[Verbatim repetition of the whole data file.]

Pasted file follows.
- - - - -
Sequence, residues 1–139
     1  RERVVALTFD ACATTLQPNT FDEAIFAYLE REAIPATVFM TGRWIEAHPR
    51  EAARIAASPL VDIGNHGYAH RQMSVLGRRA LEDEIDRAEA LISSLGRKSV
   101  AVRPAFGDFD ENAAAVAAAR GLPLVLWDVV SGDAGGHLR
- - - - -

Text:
Sequence, residues 1–139
     1  RERVVALTFD ACATTLQPNT FDEAIFAYLE REAIPATVFM TGRWIEAHPR
    51  EAARIAASPL VDIGNHGYAH RQMSVLGRRA LEDEIDRAEA LISSLGRKSV
   101  AVRPAFGDFD ENAAAVAAAR GLPLVLWDVV SGDAGGHLR